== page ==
The Popular Front for the Liberation of Palestine (PFLP), an armed Marxist-Leninist Palestinian national movement, used its weekly Arabic-language organ, al-Hadaf (The Target), to demonstrate its revolutionary analytical acumen on a variety of topics, including contemporary international affairs, political theory, Zionism, and women’s liberation. However, in addition to this rich spectrum of subjects, al-Hadaf always contained a final section entitled “Culture and Literature” in the first years following its creation in 1969. This portion of al-Hadaf exhibited amateur poems produced in Palestinian refugee camps as well as verses and literary criticism from famous Arab poets like Tawfiq Ziad, Samih al-Qasim, and Adonis. Turning globally, this section also showcased translated poetry and prose from Vietnam, Cuba, and other revolutionary epicenters within the Global South. During his tenure as the magazine’s editor-in-chief from 1969 until his assassination in 1972, novelist and politico Ghassan Kanafani would transform the magazine into an influential outlet for Palestinian revolutionary artists who had been shaped by post-1967 legacies of displacement. Drawing on Pierre Bourdieu’s theory of “cultural production,” I will map out in my paper how al-Hadaf’s contributing editors and writers demarcated the “field” of Palestinian revolutionary literature via a process of inclusion and exclusion that reflected the PFLP’s broader Marxist-Leninist ideological commitments. My paper falls under the Counter-Cultural conference stream as I argue that al-Hadaf served as a regional locus of cultural production that was shaped by and contributed to the nascent revolutionary zeitgeist of the global New Left of this period.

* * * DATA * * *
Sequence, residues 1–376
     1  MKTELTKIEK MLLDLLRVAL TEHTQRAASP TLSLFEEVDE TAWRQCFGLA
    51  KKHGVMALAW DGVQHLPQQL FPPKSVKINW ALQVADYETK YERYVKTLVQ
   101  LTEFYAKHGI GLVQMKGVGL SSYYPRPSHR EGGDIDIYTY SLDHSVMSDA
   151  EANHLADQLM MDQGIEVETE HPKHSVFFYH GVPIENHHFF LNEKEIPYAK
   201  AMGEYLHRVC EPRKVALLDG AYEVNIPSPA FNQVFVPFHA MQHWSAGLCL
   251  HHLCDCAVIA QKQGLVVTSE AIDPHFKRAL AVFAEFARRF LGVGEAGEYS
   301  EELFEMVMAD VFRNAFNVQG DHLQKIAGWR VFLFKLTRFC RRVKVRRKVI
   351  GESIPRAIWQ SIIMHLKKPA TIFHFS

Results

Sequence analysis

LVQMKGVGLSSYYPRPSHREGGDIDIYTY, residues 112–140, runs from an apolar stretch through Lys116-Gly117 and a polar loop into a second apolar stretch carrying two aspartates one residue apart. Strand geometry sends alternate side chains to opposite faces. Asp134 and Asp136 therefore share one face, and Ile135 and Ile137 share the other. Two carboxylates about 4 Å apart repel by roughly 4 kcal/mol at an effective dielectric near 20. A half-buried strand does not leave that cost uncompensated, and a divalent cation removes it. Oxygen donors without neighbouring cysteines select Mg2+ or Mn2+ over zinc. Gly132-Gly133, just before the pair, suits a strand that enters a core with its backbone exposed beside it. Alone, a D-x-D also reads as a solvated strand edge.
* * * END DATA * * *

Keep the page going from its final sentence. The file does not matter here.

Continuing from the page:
Michael Peddycoart is a PhD candidate at the University of Chicago’s Department of Near Eastern Languages and Civilizations whose research examines the intellectual history of Palestinian leftist groups in the second half of the twentieth century. Michael’s research has been supported by the Nicholson Center for British Studies and University of Chicago Humanities Fellowship. He […]